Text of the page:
A computerized reminder system to increase the use of preventive care for hospitalized patients

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Many established and proven preventive measures for hospitalized patients such as influenza vaccination or deep venous thrombus prophylaxis are not reliably and routinely carried out. Computerized reminder, as a form of decision support, has been shown to be helpful in increasing the use of out patient preventive care. Little is known whether it would be similarly effective in preventive care for hospitalized patients.


To test hypothesis that a computerized reminder system could increase the use of preventive care among hospitalized patients.


A urban public teaching hospital in Indianapolis.


Randomized, controlled trial from May 1, 1997 to October 31, 1998.


All patients admitted to the general medicine service during the specified time period.


Four of the general medicine teams were designated interventional group, and four were designated as controls. Attending physicians, resident physicians, and medical students associated with the team were given the same status (intervention or control) as the team status already assigned. Patients were assigned to each of these teams based on a pre-existing mechanism that distribute admissions equitably among the teams, solely on the basis of the order in which patients required hospitalization.

Care rules, rule-based reminders, were developed based on contemporary national guidelines on influenza vaccination, pneumococcal vaccination, and deep vein thrombosis prophylaxis, and prophylactic aspirin sue for cardiovascular disease. These reminders were generated based on the demographic information, problem list, diagnosis list, vital signs, current inpatient orders, and previous pharmacy records. If at least one indication exist for one of these four preventive therapies exist for a given patient in the electronic health record, no contraindication for that therapy, and no active order for that therapy, the reminder will show onscreen for the intervention group but only logged in the system and not shown in the control group.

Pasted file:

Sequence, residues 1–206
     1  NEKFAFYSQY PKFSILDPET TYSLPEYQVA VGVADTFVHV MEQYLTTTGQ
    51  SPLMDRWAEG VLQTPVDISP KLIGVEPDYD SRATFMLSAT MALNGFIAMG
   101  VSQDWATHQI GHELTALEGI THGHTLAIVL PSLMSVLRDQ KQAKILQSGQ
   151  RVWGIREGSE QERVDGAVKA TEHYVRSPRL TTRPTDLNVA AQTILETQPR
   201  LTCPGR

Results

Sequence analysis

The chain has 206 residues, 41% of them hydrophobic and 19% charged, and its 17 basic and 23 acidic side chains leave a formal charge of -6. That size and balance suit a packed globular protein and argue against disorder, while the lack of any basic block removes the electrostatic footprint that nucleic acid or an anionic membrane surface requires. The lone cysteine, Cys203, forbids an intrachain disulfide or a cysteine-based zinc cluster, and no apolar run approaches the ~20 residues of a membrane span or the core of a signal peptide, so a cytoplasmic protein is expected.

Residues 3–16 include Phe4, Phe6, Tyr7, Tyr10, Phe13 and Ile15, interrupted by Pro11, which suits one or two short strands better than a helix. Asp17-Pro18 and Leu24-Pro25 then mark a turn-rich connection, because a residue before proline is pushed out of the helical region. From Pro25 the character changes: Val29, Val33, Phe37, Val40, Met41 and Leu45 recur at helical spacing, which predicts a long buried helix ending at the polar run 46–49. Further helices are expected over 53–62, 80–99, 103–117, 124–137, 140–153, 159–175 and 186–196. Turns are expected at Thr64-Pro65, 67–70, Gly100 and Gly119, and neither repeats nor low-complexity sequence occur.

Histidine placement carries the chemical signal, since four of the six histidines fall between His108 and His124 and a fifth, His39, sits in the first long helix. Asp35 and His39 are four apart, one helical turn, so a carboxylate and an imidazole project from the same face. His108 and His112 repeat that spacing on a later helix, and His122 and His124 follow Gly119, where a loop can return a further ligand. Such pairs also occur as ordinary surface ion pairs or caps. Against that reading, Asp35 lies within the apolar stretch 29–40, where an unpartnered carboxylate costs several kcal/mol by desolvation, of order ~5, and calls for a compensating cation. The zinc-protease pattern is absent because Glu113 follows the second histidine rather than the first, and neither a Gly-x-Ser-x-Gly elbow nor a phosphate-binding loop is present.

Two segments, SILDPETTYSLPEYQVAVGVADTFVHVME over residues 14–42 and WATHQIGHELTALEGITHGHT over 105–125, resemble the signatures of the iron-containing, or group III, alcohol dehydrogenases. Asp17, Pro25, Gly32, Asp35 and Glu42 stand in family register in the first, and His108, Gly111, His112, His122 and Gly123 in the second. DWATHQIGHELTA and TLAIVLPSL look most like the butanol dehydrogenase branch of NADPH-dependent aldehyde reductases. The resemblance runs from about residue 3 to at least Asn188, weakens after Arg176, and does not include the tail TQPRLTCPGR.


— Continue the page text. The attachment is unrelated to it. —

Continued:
Primary outcomes were rates at which the various preventive therapies were ordered (pneumococcal vaccinations, influenza vaccinations, deep vein thrombosis (DVT) prophylaxis, and prophylactic aspirin at discharge).


Overall, 53.6% of all enrolled patients were eligible for at least one preventive therapy. The mean numbers of teims a reminder was displayed to a physician in the intervention group ranged from 3.4 to 5.2 for each hospitalized eligible patient in the intervention group.

For pneumococcal vaccination was 35.8% in the intervention group compared with 0.8% in the control group. For influenza vaccination, 51.4% of eligible patients had it ordered in the intervention group but only 1.0% in the control. DVT prophylaxis with subcutaneous heparin rate was 32.2% with reminders and only 18.9% without. Prophylactic aspirin at discharge was ordered 36.4% of all eligible patients in the intervention group and only 27.6% in the control group. All these differences were significantly different with p value less than 0.001.


Computerized reminders significantly increased the rate of preventive care measures in hospitalized patients.